By Bill Gerdes
If you were experiencing Vietnamese food for the first time, say 10 years ago—and let’s assume you were something of what would come over the next decade to be called a foodie—there was an air of mystery as you walked into a Vietnamese restaurant. The wafting of smells, décor and even an alphabet that felt, well . . . foreign. Perhaps the owners-who more than likely took your order- spoke little English and seemed a tad um gruff. You ordered patchwork, guesswork, although you knew you had to try this “pho” thing. And then afterwards maybe you were transformed like Jonathan Gold at the LA Weekly, whose writings about his search for the perfect pho in LA made a Vietnamese soup into an object of fetishistic worship. At the very least, you left your virgin Vietnamese restaurant with a sense of wonder and intrigue.
Calibasil is not that place. Calibasil is neither otherworldly, puzzle-worthy, dangerous or plain-old-weird. No, Calibasil is Vietnamese food with all of the mystery and just a little bit of the heart sucked out. And in its place? This is Vietnamese food for the masses, your Uncle Ted, Flo from accounting and before you dismiss me as a pretentious, aging hipster (that I probably am) that’s not a terrible thing. For everysublime hole-in-the-wall pho spot, there are probably two that are either overrated or just plain lousy. Calibasil is definitely not lousy.
I had reservations about eating pho that was seemingly served up on the spot, but the broth had obviously been made that morning and been put in pots in the front to simmer until the next customer walked down the line. A customer at Calibasil simply walks through the line, choosing their ingredients as they go. I went with the Beef Brisket, all the garnishes such as scallions, cilantro, mint and bean sprouts, as well as the beef broth (although they have a veggie pho option too).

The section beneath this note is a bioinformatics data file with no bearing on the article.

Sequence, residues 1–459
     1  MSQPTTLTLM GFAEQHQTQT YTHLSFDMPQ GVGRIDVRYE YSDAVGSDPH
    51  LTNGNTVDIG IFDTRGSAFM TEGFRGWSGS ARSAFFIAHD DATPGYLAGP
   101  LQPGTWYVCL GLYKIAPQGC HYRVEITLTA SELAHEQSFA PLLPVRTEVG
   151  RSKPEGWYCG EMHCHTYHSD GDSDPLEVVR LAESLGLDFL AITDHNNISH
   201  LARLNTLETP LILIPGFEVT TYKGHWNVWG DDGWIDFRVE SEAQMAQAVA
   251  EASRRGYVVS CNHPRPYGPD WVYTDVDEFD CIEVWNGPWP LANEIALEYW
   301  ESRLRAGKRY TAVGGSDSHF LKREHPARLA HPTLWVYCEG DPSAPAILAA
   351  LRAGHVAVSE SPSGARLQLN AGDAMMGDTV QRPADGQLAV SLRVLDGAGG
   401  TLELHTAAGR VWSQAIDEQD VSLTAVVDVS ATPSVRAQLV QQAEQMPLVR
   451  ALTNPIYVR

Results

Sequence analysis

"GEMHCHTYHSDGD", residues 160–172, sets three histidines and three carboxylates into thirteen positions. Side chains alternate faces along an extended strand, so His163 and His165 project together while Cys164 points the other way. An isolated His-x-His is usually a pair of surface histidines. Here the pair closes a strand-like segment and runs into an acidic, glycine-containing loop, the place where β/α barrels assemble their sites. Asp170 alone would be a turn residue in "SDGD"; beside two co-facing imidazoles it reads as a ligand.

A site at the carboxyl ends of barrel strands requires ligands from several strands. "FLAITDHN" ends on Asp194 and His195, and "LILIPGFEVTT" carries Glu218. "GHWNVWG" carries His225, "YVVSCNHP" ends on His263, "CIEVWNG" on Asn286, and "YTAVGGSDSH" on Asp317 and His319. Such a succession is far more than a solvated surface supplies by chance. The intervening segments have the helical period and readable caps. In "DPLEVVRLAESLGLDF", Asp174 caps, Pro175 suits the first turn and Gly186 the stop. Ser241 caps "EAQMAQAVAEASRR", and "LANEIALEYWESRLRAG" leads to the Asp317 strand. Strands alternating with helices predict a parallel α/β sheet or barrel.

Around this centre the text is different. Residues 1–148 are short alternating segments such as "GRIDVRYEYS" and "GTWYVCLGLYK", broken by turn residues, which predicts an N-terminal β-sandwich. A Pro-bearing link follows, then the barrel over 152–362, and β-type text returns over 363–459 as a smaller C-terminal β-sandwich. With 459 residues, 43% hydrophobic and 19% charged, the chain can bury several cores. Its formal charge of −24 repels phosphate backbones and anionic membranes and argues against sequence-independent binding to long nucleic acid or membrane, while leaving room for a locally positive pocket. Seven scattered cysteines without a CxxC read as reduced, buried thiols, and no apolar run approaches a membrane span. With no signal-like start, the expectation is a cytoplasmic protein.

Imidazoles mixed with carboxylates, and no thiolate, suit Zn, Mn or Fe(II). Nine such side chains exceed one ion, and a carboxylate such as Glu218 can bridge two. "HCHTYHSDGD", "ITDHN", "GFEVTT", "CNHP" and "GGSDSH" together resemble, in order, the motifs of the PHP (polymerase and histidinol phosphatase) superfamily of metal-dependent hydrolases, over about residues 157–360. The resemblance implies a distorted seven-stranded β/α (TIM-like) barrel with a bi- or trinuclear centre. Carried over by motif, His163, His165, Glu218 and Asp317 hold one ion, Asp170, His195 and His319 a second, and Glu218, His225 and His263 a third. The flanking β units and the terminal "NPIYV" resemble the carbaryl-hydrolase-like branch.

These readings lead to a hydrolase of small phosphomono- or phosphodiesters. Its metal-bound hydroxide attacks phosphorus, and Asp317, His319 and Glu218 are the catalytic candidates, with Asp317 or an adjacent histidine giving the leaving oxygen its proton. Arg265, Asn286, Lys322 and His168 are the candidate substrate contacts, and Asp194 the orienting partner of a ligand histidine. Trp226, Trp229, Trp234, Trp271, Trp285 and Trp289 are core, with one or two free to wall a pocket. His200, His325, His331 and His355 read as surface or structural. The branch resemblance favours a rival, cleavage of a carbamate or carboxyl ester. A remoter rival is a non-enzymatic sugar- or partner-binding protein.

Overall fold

What Calibasil offers is this transparency—a window into the kitchen—and a chance to watch your food being made. My pho was tasty and hearty, although it wasn’t quite the best pho I have ever tasted. But it’s quick, good and moderately priced. The restaurant itself is bright and clean and the staff extremely helpful and friendly. In many ways Calibasil is the bizzaro-Vietnamese restaurant.
I’m also a sucker for Bahn Mi, those lovely little sandwiches that fuse perfectly the Vietnamese and French sensibilities when it comes to food. Simply put, I quite liked the Bahn Mi at Calibasil. I sampled the Garlic Chicken Bahn Mi variety and it was a nice mesh of the garlic sauce interacting with the more traditional ingredients like pickled vegetables and cucumber. The handmade spring rolls were also good. Calibasil and its sister restaurant Oven 450, which features a wide array of flatbreads, are a welcome addition to the University Village shopping center in Riverside. Take Flo from accounting—God knows she needs a break.
Calibasil Vietnamese Eatery, 3740 Iowa Ave. Ste. 104 Riverside, (951) 684-4770; www.calibasil.com. AE, MC, V.